Generalized anxiety disorder is a mental health concern characterized by a debilitating sense of worry and anxiousness about one’s life that isn’t centered on any specific concern, trigger, or stress. It can impact a person’s entire life and make it difficult for them to function on a daily basis.

How common is Generalized Anxiety Disorder?

Approximately 9 percent of people will develop Generalized Anxiety Disorder (GAD) during their lifetime. In any given year, approximately 3 percent of the population of the U.S. has generalized anxiety disorder.

It appears that some people are genetically predisposed to developing the disorder. Women are twice as likely to have GAD than men.

Is GAD a chronic condition?

Yes. Many individuals with GAD report that they felt anxious and nervous all their lives. Over half of the people that come for treatment report their worry beginning in childhood or adolescence. However, it is not uncommon to begin until after age 20. GAD usually has a fluctuating course, worsening during times of stress.

How can I be sure that my physical symptoms are not really something medical that just hasn’t been found yet?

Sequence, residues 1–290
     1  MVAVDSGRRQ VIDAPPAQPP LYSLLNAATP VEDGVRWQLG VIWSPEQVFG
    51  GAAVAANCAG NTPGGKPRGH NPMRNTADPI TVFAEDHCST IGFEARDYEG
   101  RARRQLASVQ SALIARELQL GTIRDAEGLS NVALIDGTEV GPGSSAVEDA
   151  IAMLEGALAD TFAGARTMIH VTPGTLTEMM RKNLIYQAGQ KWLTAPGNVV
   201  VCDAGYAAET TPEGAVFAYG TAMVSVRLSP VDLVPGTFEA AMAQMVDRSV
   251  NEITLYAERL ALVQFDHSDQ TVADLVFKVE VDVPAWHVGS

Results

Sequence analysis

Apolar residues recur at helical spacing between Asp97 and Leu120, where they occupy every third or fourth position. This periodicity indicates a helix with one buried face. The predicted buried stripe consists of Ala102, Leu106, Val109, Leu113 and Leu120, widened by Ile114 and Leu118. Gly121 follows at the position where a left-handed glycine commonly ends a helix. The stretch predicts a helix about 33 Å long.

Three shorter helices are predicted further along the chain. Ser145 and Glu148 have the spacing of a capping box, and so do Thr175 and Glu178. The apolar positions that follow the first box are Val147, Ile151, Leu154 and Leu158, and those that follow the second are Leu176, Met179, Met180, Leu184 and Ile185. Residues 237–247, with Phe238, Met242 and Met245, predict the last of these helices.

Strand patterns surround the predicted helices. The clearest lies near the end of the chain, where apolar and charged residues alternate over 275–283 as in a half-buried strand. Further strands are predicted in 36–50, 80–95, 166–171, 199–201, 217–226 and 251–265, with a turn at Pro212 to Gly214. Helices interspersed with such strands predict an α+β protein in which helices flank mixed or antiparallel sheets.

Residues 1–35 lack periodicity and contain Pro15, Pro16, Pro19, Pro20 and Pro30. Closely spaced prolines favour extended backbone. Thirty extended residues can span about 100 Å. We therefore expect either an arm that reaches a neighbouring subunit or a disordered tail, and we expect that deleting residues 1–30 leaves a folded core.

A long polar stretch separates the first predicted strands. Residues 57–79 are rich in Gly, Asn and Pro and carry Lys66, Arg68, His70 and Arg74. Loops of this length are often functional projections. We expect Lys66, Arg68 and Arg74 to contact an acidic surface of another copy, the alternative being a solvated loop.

This is a natural concern for individuals with GAD and fits into the theme of excessive worry. This worry is best addressed by establishing a relationship with a physician that you feel is listening to your complaints and thoughtfully tailoring your medical work-up to your specific risks for having certain medical problems. An excessive and unreasonable series of tests and procedures is not in your best interest.

Can generalized anxiety disorder just go away by itself?

Generally GAD doesn’t go away on its own, at least in most people. Generalized anxiety disorder is generally viewed as a chronic condition requiring intervention and treatment. Both mental health professionals and physicians treat GAD, but long-term, effective treatment of GAD will include both psychotherapy and medication.

Are there any diagnostic tests for generalized anxiety disorder?

GAD cannot be detected through a blood sample or an X-ray; neither can many diseases and conditions. Instead, generalized anxiety disorder is diagnosed based on information provided to a physician or therapist during a clinical interview.

Does generalized anxiety disorder run in families?

Having a family member with GAD appears to heighten one’s risk slightly for developing it. The family influence appears to be related to both genetic and environmental sources. There may be, for instance, a genetic predisposition for a person to be at greater risk for having generalized anxiety disorder, but it’s not something triggered in everyone who has the predisposition.